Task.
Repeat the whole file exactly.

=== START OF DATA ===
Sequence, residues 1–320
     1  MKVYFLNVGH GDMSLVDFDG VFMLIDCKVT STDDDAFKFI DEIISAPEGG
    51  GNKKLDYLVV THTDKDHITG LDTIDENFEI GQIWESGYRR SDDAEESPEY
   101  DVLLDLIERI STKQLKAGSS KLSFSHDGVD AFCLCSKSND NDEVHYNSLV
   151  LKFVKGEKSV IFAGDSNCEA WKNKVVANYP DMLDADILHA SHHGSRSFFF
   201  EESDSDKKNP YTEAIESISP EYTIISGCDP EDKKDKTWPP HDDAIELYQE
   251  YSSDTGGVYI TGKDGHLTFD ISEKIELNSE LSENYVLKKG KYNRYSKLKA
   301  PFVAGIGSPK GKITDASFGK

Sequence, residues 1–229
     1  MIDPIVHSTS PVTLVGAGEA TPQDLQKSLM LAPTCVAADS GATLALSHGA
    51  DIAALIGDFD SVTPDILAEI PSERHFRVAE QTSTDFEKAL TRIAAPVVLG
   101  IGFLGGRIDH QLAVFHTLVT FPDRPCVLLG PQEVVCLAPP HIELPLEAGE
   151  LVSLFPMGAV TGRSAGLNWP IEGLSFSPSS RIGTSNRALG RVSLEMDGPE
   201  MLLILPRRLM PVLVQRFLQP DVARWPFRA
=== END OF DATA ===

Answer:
Sequence, residues 1–320
     1  MKVYFLNVGH GDMSLVDFDG VFMLIDCKVT STDDDAFKFI DEIISAPEGG
    51  GNKKLDYLVV THTDKDHITG LDTIDENFEI GQIWESGYRR SDDAEESPEY
   101  DVLLDLIERI STKQLKAGSS KLSFSHDGVD AFCLCSKSND NDEVHYNSLV
   151  LKFVKGEKSV IFAGDSNCEA WKNKVVANYP DMLDADILHA SHHGSRSFFF
   201  EESDSDKKNP YTEAIESISP EYTIISGCDP EDKKDKTWPP HDDAIELYQE
   251  YSSDTGGVYI TGKDGHLTFD ISEKIELNSE LSENYVLKKG KYNRYSKLKA
   301  PFVAGIGSPK GKITDASFGK

Sequence, residues 1–229
     1  MIDPIVHSTS PVTLVGAGEA TPQDLQKSLM LAPTCVAADS GATLALSHGA
    51  DIAALIGDFD SVTPDILAEI PSERHFRVAE QTSTDFEKAL TRIAAPVVLG
   101  IGFLGGRIDH QLAVFHTLVT FPDRPCVLLG PQEVVCLAPP HIELPLEAGE
   151  LVSLFPMGAV TGRSAGLNWP IEGLSFSPSS RIGTSNRALG RVSLEMDGPE
   201  MLLILPRRLM PVLVQRFLQP DVARWPFRA